Pittsburgh, By Bridge

Pittsburgh is known as a photogenic city, as well as “the city of bridges” due to arguably having more of them than anywhere else.

Since I’ve been on a running kick recently, I decided to add some variety to my runs and visit just about every bridge that crosses the three rivers with pedestrian access and a view of the city. I have no talent as a photographer, but thought it would be interesting to take one photo per bridge to see the city from a variety of angles.

Hot Metal Bridge

The Hot Metal Bridge crosses the Monongahela River and connects the SouthSide Works to Oakland. It provides an amazing view of the Downtown skyline at all hours of the day, but especially jumps out at night.

Hot Metal Bridge on Google Maps | Wikipedia

Birmingham Bridge

Under perpetual construction, there are no good photo angles on the pedestrian side of the bridge.

Birmingham Bridge on Google Maps | Wikipedia

10th Street Bridge

The Allegheny County Jail and Duquesne University are in the foreground with the Downtown skyline looming in the background. The next bridge down river is the Liberty Bridge, which is not included here due to limited pedestrian access.

10th Street Bridge on Google Maps | Wikipedia

Smithfield Street Bridge

The Smithfield Street Bridge provides an up-close view of the city’s skyline and connects Station Square to Downtown. The Fort Pitt Bridge is just down river and Heinz Field can be seen in the background.

Smithfield Street Bridge on Google Maps | Wikipedia

Fort Pitt Bridge

By car, the Fort Pitt Bridge bridge provides an icon entryway to the city and has been featured in several movies. The pedestrian bridge passes below and angles towards Point State Park and Heinz Field. The Ohio River, formed by the confluence of the Monongahela and Allegheny Rivers can be seen. The West End Bridge is on the left spanning the Ohio River.

Fort Pitt Bridge on Google Maps | Wikipedia

West End Bridge

The West End Bridge is the only bridge on this photo tour that spans the Ohio River. It provides a scenic view of the Downtown skyline and the fountain at Point State Park. Heinz Field and Rivers Casino can be seen on the left.

West End Bridge on Google Maps | Wikipedia

Fort Duquesne Bridge

The Fort Duquesne Bridge crosses the Allegheny River and provides a view of the fountain at Point State Park as well as the Duquesne Incline and Mount Washington. On the right side of the photo, boats can be seen moored near Heinz Field.

Fort Duquesne Bridge on Google Maps | Wikipedia

Roberto Clemente Bridge

Known as one of the “Three Sisters”, the Roberto Clemente Bridge connects Downtown with the North Shore at PNC Park. The Fort Duquesne Bridge can be seen directly ahead.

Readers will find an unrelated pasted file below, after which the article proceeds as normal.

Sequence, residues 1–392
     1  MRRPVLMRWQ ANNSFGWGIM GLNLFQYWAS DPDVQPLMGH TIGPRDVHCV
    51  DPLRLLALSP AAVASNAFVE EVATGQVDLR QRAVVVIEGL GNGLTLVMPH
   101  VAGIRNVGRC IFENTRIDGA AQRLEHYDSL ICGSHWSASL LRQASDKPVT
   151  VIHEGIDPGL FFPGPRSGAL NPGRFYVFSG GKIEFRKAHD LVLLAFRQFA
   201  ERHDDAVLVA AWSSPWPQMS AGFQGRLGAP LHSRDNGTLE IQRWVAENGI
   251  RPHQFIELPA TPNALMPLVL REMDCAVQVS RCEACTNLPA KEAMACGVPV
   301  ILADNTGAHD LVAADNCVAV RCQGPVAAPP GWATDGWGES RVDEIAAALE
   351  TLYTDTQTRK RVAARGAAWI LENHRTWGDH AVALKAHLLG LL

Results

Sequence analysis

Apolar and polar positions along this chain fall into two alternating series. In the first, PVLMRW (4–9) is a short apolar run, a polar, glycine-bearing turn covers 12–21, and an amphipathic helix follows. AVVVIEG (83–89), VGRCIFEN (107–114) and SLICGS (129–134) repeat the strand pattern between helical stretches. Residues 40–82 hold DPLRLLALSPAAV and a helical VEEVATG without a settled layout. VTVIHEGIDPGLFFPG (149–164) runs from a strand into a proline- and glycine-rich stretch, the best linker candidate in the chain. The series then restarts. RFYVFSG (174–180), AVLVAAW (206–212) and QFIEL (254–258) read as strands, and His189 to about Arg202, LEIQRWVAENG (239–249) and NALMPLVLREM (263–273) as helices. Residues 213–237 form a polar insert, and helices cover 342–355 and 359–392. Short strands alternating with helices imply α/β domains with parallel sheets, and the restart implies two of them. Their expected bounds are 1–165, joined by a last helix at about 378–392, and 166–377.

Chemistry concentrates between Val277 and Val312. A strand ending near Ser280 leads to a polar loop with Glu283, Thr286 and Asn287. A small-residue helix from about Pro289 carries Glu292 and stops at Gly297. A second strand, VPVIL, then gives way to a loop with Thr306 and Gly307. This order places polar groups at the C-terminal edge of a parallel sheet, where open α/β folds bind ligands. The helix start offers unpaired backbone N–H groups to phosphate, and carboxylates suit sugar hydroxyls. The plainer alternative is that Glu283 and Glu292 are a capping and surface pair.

Roberto Clemente Bridge on: Google Maps | Wikipedia

Andy Warhol Bridge

The second of the “Three Sisters”, the Andy Warhol Bridge connects Downtown with the North Shore at the Andy Warhol Museum, hence its namesake. The Roberto Clemente Bridge can be seen immediately ahead and the Fort Duquesne Bridge can be seen in the background.

Andy Warhol Bridge on: Google Maps | Wikipedia

Rachel Carson Bridge

The third and final of the “Three Sisters”, the Rachel Carson bridge connects Downtown with the North Shore, just like its “siblings”. The Three Sisters sit within four blocks of each other on the Downtown side, crossing the river at 6th, 7th, and 9th Streets.

Rachel Carson Bridge on: Google Maps | Wikipedia

David McCullough Bridge

Moving further upriver, the David McCullough Bridge connects the Strip District to Troy Hill near the former Heinz plant (now apartments). The Veterans Bridge, not included due to limited pedestrian access, is in the foreground with the Fort Wayne Railroad Bridge behind it (not included as it’s probably not a good idea to run on it either :)).

David McCullough Bridge on: Google Maps | Wikipedia

31st Street Bridge

The 31st Street Bridge connects the end of the Strip District with Troy Hill, while passing over Washington’s Landing and its marina.

31st Street Bridge on: Google Maps | Wikipedia

40th Street Bridge

The tour ends with the 40th Street Bridge, connecting Lawrenceville to Millvale. The 33rd Street Railroad Bridge is seen down river and the Downtown skyline is just under four miles away.

40th Street Bridge on: Google Maps | Wikipedia

I hope that you enjoyed this post, learned a little bit, and enjoyed the views!